It has often been said that a company is only as good as its workforce. Most hiring managers will speak to the necessity — and often the difficulty — of finding employees with competitive skills, superior productivity and low absenteeism rates. Once these workers are located and hired, the problem becomes retaining them. The ultimate challenge is getting everyone in the workplace to operate as a team.
In many cases, workers with disabilities may be the solution to hiring problems, but employers are not often aware of it. Lack of familiarity with individuals with disabilities can create negative attitudes concerning their employment. However, the facts show that these workers can often be a company’s best asset.
Competitive skills are of course the basic requirement for job competence. Employers should not focus on an applicant’s disability but, rather, on his or her abilities. The use of a wheelchair or a braille reader, for example, does not mean the person does not have education, training or experience. In fact, many individuals with disabilities have had more training than their counterparts without disabilities.
Every state has a public vocational rehabilitation program that is jointly funded by federal and state governments. In Massachusetts, for example, it’s the Massachusetts Rehabilitation Commission. Non-profit organizations such as Goodwill Industries also feature programs for training individuals with disabilities to succeed in the workplace.
Catherine Capek is vice president of industrial services for Goodwill Industries of the Springfield/Hartford Area, Inc., in Connecticut. One of her responsibilities is finding contract jobs for her teams of workers with disabilities. She recalls trying to get a contract with Baystate Medical Center in Springfield, Mass., one of the top 100 integrated health care networks in the country. Capek was turned down and told that the hospital had very rigorous standards and its own certification program.
The U.S. Department of Health and Human Services offers many resources for individuals with disabilities here.eSight Careers Network, a service of The Associated Blind, Inc., is a nonprofit agency that provides online information and guidance for job seekers, career counselors, job developers and prospective employers about a range of disability employment issues.
Goodwill Industries is one of the world’s largest nonprofit providers of education, training and career services for people with disadvantages such as welfare dependency, homelessness and lack of education or work experience and individuals with physical, mental and emotional disabilities.
The Job Accomodation Network, a service of the U.S. Department of Labor’s Office of Disability Employment Policy, is a free information and referral service for people with disabilities. It provides information about the employment provisions of the Americans with Disabilities Act and about resources for technical assistance, funding, education and services related to the employment of people with disabilities.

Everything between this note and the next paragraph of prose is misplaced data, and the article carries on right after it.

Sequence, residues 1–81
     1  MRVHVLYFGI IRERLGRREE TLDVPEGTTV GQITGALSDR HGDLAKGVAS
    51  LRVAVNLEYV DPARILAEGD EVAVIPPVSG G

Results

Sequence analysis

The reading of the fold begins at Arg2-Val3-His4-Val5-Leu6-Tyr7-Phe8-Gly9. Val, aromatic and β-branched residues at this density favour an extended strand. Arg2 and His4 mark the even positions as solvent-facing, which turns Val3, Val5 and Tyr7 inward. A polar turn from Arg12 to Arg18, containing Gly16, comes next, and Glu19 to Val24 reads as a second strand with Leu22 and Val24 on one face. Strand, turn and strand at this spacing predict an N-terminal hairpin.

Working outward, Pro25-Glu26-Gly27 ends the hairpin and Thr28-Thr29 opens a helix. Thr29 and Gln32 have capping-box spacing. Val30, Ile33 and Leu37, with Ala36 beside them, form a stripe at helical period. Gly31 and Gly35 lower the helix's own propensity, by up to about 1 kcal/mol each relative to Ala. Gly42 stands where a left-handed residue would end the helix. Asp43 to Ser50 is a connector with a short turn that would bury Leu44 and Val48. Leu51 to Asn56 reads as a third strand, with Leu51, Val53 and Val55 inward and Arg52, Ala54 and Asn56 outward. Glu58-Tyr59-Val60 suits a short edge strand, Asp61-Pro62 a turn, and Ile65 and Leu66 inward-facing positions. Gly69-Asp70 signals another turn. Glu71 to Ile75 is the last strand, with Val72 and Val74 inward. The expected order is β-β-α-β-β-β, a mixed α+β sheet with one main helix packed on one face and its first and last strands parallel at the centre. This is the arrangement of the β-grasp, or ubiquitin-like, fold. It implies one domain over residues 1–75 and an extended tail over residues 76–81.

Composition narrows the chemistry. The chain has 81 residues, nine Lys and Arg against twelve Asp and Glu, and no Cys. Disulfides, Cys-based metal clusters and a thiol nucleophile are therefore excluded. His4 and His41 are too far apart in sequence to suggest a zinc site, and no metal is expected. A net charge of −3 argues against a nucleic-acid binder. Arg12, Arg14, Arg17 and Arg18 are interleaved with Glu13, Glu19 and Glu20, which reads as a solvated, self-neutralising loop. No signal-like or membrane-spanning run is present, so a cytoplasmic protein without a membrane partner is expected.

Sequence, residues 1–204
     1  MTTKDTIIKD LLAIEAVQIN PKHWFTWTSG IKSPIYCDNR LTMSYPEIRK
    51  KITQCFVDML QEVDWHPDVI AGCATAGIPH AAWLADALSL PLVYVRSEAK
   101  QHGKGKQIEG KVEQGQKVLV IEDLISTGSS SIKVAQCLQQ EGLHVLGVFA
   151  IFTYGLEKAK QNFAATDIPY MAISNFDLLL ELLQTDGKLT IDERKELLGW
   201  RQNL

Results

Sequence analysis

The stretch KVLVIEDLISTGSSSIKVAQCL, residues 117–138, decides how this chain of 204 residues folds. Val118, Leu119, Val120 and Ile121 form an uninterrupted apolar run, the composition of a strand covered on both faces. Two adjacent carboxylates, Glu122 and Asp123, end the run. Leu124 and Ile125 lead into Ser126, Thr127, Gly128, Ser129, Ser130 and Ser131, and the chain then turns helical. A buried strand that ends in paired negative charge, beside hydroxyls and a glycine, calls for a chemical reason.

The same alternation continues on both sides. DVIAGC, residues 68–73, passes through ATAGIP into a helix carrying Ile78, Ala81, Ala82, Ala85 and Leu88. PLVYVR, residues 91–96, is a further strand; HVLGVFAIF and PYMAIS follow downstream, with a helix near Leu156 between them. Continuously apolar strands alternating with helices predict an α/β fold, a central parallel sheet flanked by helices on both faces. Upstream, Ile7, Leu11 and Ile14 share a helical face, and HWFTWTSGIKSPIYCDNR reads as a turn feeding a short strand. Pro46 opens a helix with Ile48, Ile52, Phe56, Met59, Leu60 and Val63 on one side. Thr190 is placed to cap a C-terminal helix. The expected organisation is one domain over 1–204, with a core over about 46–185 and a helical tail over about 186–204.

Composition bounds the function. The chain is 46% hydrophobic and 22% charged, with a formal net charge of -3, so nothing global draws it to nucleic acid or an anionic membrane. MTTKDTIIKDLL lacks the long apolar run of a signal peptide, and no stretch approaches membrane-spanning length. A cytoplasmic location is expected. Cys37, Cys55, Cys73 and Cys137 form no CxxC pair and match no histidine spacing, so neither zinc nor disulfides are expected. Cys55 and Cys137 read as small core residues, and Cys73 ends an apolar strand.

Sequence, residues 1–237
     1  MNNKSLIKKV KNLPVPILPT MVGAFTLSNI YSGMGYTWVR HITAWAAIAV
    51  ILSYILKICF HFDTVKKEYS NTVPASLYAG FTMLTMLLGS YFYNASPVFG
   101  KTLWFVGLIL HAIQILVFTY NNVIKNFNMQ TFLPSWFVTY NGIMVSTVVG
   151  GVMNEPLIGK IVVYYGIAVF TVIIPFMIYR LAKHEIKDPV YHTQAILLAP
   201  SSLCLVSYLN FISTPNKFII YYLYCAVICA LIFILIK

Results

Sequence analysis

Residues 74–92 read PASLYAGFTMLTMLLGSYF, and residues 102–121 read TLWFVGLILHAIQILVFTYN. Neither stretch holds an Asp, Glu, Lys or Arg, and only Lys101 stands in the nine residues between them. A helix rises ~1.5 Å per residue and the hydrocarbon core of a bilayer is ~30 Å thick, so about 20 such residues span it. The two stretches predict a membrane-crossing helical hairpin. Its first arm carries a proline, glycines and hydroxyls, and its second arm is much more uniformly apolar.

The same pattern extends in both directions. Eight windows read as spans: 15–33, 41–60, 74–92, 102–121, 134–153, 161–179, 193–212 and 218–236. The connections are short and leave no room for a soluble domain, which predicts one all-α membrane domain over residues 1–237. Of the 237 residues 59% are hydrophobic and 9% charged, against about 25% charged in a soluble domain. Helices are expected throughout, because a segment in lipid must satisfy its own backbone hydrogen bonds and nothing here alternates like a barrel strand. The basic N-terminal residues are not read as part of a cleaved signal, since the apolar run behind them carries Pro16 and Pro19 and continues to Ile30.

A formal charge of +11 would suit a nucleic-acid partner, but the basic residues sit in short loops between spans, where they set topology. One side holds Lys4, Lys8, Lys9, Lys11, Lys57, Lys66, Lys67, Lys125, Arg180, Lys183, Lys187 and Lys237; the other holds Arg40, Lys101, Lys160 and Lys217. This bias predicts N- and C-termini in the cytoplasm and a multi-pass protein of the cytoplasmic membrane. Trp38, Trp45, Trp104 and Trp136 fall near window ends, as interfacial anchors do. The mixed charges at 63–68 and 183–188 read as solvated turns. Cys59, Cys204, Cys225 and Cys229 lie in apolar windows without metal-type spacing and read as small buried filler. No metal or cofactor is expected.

“Come and teach us to clean according to your standards,” Capek challenged them. A member of the hospital staff accepted the challenge. Soon Capek’s team will be able to tell potential employers that they have been trained to Baystate Medical Center’s exacting standards.
Along with competitive skills goes the need for productivity. Here again, workers with disabilities excel. Research has found that people who face and overcome challenges on a daily basis are great problem solvers. According to a DuPont Corporation study dating back to the 1950s, “Employees with disabilities equal or exceed coworkers without disabilities in job performance, attendance and attention to safety.”
“Individuals with disabilities are among the most valued employees because they put their skills to good use,” says Brenda L. Moore, director of Connecticut’s Bureau of Rehabilitation Services. “They have more barriers to contend with, i.e., prejudices. We try to break down barriers so [individuals with disabilities] are seen as equal. If given that chance they probably are a very valued commodity to the employer.”
Many managers will state that keeping good employees is more difficult than finding them in the first place. The cost to search for and train workers is high, so retention is important. Perhaps the greatest positive attribute that workers with disabilities bring to the workplace is loyalty. If they’ve arrived at a job through a vocational counseling service, they have the added benefit of follow-up and mentoring by the agency to troubleshoot any problems that may arise.
“I can tell you that the people you hire with disabilities you keep for life,” Capek says. “Sometimes you just can’t train work ethic. When you provide a supportive work environment and an adaptive environment, you get loyalty and retention. They’ve been through something, and it brings out the best in them.”